Tap and go technology is a relatively new credit card innovation from banks. Recently introduced in a bid to make it easier and quicker for shoppers to use credit and debit cards, with tap and go technology there is no need to use a pin number or signature to make purchases under $100. When the cards are waved within a certain distance of a card reader, the transaction goes through without any further input from the user. Credit and debit cards that are issued with the tap and go facility have a microchip that the banks say makes them as secure as traditional credit cards that require a pin or signature.
There has been controversy around the introduction of tap and go technology however, with police stating that as well as making it easier for consumers, the technology also makes it easier for criminals to get away with credit card fraud. In a recent article in the Herald Sun, police suggested that tap and go technology should be banned due to the risk to consumers, and the likely increase in workload it will bring to local police forces as a result of more petty crime.
How could tap and go increase crime rates?
According to police, the use of tap and go technologies not only makes it easier for credit card fraud to take place, but it can also lead to an increase in petty crimes such as break-ins, handbag thefts, thefts from cars, and mail thefts as criminals seek to get their hands on eligible credit cards. In Victoria, police believe that tap and go cards have led to a 30% increase in crime rates over the previous year.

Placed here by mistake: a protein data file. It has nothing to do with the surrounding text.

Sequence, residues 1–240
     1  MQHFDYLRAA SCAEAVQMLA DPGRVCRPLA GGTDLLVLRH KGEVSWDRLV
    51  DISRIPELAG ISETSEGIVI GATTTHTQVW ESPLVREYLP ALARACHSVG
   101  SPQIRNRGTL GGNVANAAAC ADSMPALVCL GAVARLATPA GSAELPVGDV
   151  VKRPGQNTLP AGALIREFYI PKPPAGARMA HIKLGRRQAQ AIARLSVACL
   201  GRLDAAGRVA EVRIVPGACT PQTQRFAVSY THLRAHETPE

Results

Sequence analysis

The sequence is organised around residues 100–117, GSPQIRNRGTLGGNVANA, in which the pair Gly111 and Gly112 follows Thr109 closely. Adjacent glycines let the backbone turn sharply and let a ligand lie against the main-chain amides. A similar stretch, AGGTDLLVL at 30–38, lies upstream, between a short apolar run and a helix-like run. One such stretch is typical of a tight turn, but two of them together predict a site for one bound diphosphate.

Police believe that financial institutions are acting irresponsibly by bringing out tap and go-enabled credit cards. But the call to have them banned has met with resistance from financial institutions and retailers, who argue that the benefits of shorter waiting times and more effective transaction processing are highly advantageous to consumers, and there would be a backlash if they sought to remove the facility.
In an article posted on ZD.net, both Mastercard and the Australian Bankers’ Association said that fraud levels associated with tap and go cards are low, and that police concerns about the risk of fraud and the potential for an increase in petty crime are “surprising”.
The head of risk management at Visa Australia, Ian McKindley, said consumers are covered for transactions made on stolen credit cards by their bank. He said the cards are popular, and just as secure as traditional cards.
“There has been no increase in the rate of fraud as a result of the introduction of contactless payments technology,” he said in the article.
As well as financial institutions, police are also targeting other industries that they believe are not taking enough responsibility for gaps in security, including petrol stations, liquor retailers and car manufacturers.
Technology is making it increasingly easier and more convenient for shoppers, but it is important that the possible risks are also taken seriously, and that criminals are not able to take advantage of this technology to carry out their activities.